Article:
The Literary Structure of Exodus

The book of Exodus is organized into 3 sections that follow the Israelites from Egypt through the wilderness to Mt. Sinai. So the literary structure looks like this. Israel in Egypt, Israel in the wilderness, and Israel at Mt. Sinai.

A. Israel in Egypt (1:1-13:16)
B. Israel in the Wilderness (13:17-18:27)
C. Israel at Mt. Sinai (19-40)

Exodus is a journey narrative like many of the great stories from The Odyssey, to the Aeneid, to The Divine Comedy, to Pilgrim’s Progress, to Lord of the Rings. And the central idea is that the physical journey symbolizes a moral, spiritual, intellectual, or theological journey where the travelers begin in one moral or spiritual place and move to another. In Exodus, Israel begins in slavery and journeys to freedom, Sabbath rest at Mount Sinai.

And the symbolic structure works both vertically and horizontally. Horizontally they move from Egypt to Mt. Sinai, one location to another miles away. Vertically, they begin low, at sea level at the Nile river and move up to a mountain.

The Israelites begin as servants to Pharaoh and end as servants to God. They begin in Pharaoh’s house and end God’s house, the tabernacle. They begin by listening to Pharaoh and his laws and end by listening to God and his laws. They begin by building for Pharaoh, remember the storage cities of Pithom and Ramses, and conclude by building God’s house.

The author has written all of these symmetries that develop throughout the journey, but the structure of the story goes one level deeper. But to understand the symbolism of why the author structured the book into three sections, we have to review some of the details of the book of Exodus.

In Egypt, Israel is enslaved and God calls Moses at the burning bush to deliver his people. God then plagues his people with all manner of elements including raining down fire and delivers his people through the sea. In the Wilderness on the way to Mt. Sinai, God leads his people in a pillar of fire and cloud that illumines their way. Israel complains about the food and God provides them with manna, bread from heaven. When they arrive at Mt. Sinai the firey glory-cloud rests on the mountain and the elders travel up into it to have a meal with God. Moses receives the law as well as the instructions for building the tabernacle.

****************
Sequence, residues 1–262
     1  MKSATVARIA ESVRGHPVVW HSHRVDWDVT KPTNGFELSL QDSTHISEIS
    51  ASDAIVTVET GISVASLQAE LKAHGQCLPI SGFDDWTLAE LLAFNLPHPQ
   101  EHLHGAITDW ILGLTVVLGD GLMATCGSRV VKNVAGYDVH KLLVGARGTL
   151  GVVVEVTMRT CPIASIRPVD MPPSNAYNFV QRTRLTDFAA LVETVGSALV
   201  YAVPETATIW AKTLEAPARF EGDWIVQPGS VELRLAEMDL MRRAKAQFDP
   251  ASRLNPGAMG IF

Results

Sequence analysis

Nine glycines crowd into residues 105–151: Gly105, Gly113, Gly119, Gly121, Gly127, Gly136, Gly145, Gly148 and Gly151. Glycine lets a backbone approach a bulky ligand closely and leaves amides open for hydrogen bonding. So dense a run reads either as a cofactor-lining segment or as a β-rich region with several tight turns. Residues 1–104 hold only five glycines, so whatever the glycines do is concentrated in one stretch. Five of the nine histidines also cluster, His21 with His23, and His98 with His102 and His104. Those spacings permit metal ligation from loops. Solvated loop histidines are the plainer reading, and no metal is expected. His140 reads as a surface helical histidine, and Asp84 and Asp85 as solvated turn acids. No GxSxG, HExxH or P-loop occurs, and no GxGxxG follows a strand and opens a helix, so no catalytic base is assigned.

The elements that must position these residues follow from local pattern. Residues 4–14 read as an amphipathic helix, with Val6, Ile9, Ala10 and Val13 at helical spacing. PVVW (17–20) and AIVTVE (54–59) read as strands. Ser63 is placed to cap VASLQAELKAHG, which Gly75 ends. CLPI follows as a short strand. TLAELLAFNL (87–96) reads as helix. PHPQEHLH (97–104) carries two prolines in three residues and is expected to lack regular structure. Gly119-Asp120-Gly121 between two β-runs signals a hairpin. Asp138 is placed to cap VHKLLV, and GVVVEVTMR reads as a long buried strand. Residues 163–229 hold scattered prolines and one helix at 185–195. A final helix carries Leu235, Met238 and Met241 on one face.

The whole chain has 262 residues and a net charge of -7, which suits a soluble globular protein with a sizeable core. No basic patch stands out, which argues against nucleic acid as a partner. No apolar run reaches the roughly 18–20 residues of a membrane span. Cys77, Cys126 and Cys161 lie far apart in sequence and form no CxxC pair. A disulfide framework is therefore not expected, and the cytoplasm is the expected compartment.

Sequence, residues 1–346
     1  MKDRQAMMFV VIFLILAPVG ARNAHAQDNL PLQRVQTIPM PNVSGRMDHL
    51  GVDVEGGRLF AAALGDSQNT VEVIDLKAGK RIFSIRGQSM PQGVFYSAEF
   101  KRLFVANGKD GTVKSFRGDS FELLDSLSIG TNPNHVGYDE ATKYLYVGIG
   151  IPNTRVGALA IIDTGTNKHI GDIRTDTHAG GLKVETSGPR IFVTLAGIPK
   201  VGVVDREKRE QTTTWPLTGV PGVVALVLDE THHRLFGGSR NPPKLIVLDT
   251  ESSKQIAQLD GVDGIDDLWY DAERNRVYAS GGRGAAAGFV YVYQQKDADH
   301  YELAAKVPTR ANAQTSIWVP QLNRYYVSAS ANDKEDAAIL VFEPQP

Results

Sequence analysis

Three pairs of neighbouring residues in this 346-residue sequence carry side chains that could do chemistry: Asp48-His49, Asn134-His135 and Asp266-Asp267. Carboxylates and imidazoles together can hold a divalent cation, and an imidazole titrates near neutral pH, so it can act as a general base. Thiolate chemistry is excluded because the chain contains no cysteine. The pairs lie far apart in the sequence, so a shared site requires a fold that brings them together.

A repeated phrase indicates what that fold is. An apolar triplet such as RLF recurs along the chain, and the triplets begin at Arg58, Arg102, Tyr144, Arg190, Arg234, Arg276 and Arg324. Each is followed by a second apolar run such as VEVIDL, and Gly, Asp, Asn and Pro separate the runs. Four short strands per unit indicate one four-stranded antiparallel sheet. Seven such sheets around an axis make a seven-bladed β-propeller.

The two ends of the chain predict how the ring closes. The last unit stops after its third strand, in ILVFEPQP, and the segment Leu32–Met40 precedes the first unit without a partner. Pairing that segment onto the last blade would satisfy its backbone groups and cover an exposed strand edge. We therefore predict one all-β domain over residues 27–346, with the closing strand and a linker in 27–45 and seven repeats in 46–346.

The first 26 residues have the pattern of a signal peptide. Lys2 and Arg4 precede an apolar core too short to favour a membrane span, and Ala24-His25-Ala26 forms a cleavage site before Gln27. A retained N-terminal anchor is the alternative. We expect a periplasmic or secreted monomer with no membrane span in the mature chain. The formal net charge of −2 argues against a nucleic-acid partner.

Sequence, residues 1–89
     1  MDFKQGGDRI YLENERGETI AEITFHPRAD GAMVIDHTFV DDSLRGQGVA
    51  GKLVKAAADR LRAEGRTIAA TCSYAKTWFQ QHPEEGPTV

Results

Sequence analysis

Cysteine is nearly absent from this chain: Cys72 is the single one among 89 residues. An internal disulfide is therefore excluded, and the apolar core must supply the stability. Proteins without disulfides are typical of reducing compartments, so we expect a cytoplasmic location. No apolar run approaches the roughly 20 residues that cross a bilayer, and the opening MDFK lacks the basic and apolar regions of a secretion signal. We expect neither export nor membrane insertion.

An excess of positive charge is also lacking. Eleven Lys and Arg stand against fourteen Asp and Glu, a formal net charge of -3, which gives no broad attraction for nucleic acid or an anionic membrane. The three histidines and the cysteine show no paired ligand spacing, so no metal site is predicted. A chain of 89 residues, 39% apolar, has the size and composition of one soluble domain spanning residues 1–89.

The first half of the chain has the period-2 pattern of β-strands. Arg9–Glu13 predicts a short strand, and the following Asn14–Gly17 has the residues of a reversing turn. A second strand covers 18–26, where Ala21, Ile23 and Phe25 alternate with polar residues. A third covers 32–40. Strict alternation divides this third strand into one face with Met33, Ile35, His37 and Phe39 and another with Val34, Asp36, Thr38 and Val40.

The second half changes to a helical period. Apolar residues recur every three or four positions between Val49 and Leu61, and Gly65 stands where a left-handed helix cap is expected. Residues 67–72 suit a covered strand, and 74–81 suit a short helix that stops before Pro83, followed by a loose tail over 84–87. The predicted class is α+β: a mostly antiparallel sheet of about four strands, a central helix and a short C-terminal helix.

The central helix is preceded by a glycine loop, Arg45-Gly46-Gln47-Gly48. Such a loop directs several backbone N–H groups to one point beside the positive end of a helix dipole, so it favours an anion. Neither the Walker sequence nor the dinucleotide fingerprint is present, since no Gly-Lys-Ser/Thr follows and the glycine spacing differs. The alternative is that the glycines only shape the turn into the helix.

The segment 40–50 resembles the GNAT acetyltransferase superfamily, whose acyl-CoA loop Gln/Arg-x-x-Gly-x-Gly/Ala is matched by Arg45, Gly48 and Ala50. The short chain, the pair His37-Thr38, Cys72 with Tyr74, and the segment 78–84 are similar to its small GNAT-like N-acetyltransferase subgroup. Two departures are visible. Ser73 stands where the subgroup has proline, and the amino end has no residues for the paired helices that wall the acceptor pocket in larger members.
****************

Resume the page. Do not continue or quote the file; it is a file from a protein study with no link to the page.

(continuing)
The climax of the book, and the thing that gets the most space is the tabernacle - the detailed instructions and then the account of the actual construction. The tabernacle occupies 40% of the book of Exodus - 16 out of 40 chapters.

But not only did Moses spend a lot of time talking about the tabernacle, he designed the book to be a literary tabernacle. Just like the Book of Exodus is organized into three sections, geographically designed as Israel journeys from Egypt through the wilderness to Mt. Sinai, so the Tabernacle is organized into three sections through which you may journey: the courtyard, the holy place, and the holy of holies.

But the numerical connections are only the beginning. The events throughout the book correspond to objects in each section of the tabernacle.

For instance, in the courtyard there is the altar for offerings and the bronze basin for washings. These correspond to the fire of the burning bush or the plague of the fire from heaven and the crossing of the red sea. Moving one section in to the most holy place you have a lampstand that provides the only light in the dark tent just like God’s glory cloud provides light to the Israelites. You also have the table of with bread on it just like God provides bread from heaven. And lastly, in the holy of holies you have God’s glory cloud resting on the mountain as well as inside the holy of holies. You also have the ark that includes bread just like the meal that the elders ate as well as the tablets containing God’s Word just like God gives the law at Mt. Sinai.

And as a literary tabernacle, the reader journeys into the tabernacle throughout the reading of Exodus. And this would have been precious to the Israelites because no normal Israelite was allowed in the Holy Place and only 1 Israelite, the high priest, as allowed in the Holy of Holies and only once a year. So literary access to the tabernacle was the only access they had.

But there’s more than that. By incorporating all the aspects of the Israelite’s journey into God’s house, all their experiences, even the bad ones, find their place in God’s house. All these are gathered together into one harmonious architecture, adorning the interior of God’s home.

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